The Nigerian government has a duty to intervene decisively on behalf of the majority of the people by enforcing price control mechanisms that protect citizens from exploitation as envisaged under the Price Control Act.
This is the view of Senior Advocate of Nigeria, Femi Falana, who believes that this is necessary to guarantee that the economy of the country is not concentrated in the hands of a few.
Falana spoke with Channels Television’s correspondent, Shola Soyele against the background of his recent lawsuit against the federal government over failure to control rising prices of essential commodities.
“The Bola Tinubu administration has said that there is food in abundance in Nigeria. I think the Minister of Information made that statement a couple of days ago, but we have a situation where majority of the people cannot afford the prices that have gone to the roof.
“And so that is why the government has a duty under the Price Control Act to control the price of essential commodities so that Nigerians will not be subjected to hunger unnecessarily. It is so bad now that if you pick a food item, if you go back to the market tomorrow, the price has gone up,” Falana said.
He argued that while affluent citizens can cope with spiralling inflation, most ordinary Nigerians have been priced out of accessing basic commodities under the current laissez-faire regime. Hence, the urgent need for government’s intervention based on extant laws.
The Senior Advocate also questioned why electricity tariffs, telecom rates and petrol pump price could be moderated via subsidies whilst other essentials like food, medicines and diesel were allowed to rise astronomically thereby eroding people’s purchasing power.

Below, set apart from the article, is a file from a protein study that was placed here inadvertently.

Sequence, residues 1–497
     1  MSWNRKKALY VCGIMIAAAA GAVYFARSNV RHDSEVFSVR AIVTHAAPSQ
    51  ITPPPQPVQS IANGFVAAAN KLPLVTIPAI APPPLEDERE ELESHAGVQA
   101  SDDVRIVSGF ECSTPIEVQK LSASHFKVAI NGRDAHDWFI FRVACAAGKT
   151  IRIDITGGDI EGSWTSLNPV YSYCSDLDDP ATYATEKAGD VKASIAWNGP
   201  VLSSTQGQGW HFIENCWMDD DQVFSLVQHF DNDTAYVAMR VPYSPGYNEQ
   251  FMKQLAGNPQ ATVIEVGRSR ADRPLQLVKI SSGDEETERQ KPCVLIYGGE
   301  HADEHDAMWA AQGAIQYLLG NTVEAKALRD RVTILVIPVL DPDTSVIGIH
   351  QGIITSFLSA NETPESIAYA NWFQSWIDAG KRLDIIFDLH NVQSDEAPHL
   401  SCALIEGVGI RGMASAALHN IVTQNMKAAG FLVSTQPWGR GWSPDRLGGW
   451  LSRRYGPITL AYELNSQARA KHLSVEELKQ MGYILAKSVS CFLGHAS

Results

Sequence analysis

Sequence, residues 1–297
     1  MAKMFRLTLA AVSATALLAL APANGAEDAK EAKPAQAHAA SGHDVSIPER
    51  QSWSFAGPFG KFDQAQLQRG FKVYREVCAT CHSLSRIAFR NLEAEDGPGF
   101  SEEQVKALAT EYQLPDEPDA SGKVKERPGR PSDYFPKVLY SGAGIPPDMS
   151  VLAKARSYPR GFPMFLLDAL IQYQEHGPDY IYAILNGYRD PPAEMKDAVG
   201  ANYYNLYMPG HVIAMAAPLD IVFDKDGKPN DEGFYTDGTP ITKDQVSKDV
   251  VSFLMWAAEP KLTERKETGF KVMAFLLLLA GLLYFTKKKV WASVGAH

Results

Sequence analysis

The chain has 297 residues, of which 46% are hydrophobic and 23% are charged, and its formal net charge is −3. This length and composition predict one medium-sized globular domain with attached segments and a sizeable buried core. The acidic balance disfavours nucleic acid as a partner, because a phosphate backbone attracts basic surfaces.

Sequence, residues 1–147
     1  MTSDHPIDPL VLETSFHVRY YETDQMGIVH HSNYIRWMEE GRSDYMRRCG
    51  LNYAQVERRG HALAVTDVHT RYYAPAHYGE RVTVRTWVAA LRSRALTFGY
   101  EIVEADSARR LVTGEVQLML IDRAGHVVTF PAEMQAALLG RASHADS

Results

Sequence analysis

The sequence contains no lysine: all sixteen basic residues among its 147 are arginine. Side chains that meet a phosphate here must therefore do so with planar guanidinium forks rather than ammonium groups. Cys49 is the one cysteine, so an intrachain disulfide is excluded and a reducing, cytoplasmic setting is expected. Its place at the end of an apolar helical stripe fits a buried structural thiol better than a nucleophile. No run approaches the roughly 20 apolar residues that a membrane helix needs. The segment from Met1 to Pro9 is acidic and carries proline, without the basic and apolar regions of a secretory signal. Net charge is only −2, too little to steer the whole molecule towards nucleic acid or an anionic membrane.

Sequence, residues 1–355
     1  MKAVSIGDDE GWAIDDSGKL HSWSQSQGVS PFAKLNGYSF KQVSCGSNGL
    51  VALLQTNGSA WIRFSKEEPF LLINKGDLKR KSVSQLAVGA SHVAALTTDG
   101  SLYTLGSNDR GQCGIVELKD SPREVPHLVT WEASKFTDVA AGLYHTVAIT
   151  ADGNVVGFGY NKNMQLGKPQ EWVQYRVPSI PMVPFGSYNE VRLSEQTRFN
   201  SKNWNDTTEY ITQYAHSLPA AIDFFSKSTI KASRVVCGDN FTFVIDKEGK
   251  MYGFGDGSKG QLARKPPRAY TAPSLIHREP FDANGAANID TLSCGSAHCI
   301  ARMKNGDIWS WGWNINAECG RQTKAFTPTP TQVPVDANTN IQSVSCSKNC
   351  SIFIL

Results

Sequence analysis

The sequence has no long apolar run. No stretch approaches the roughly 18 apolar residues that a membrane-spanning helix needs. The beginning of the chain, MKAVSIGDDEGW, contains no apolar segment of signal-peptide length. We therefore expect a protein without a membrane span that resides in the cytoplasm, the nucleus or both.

The Federal High Court sitting in Lagos, on Wednesday, ordered the Federal Government to fix the price of goods and petroleum products within seven days from today.
Justice Ambrose Lewis-Allagoa granted the order sequel to an originating motion filed and argued by the applicant, Senior Advocate of Nigeria, Femi Falana.
Falana had dragged the Price Control Board and the Attorney General of the Federation, both of whom are listed as defendants before the court to determine “whether by virtue of Section 4 (1) of the Price Control Act, Laws of the Federation of Nigeria, 2004, the first defendant is carrying out its duty to impose a price on any goods that are of the kind specified in the First Schedule to the Price Control Act.”
In an affidavit in support of the summons taken out by the Senior Advocate and deposed to by a legal practitioner from his firm, Taiwo Olawanle, the deponent noted that the following commodities: bicycles and its spare parts; flour; matches; milk; motorcycles and its spare parts; motor vehicles and spare parts; salt; sugar and petroleum products including diesel, petrol motor spirit and kerosene are listed in the Price Control Act.
He also noted that the Act gives the Price Control Board powers to fix the prices of this wide array of commodities.